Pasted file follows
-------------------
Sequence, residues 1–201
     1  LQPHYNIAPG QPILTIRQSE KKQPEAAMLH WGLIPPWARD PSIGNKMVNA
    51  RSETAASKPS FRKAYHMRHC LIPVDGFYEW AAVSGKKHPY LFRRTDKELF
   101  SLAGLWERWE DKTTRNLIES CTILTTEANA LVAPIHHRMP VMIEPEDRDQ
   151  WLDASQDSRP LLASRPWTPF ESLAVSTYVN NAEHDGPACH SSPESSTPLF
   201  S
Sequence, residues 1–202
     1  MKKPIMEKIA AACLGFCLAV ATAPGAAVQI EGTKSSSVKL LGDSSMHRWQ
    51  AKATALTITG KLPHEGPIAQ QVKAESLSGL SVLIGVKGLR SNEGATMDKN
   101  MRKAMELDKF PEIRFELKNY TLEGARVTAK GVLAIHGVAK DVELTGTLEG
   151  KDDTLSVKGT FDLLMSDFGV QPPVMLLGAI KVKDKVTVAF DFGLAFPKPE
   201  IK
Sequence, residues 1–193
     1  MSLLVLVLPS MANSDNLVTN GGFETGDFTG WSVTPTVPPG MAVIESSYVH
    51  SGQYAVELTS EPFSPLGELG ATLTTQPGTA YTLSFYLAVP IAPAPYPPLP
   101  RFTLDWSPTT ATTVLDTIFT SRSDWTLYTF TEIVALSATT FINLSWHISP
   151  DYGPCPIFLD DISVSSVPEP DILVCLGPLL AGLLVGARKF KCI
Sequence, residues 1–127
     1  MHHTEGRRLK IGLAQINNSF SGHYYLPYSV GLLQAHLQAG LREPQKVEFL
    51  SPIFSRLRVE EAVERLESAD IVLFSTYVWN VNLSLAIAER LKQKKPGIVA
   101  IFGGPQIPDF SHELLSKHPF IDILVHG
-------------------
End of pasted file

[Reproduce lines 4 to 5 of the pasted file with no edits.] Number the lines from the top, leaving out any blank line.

   101  SLAGLWERWE DKTTRNLIES CTILTTEANA LVAPIHHRMP VMIEPEDRDQ
   151  WLDASQDSRP LLASRPWTPF ESLAVSTYVN NAEHDGPACH SSPESSTPLF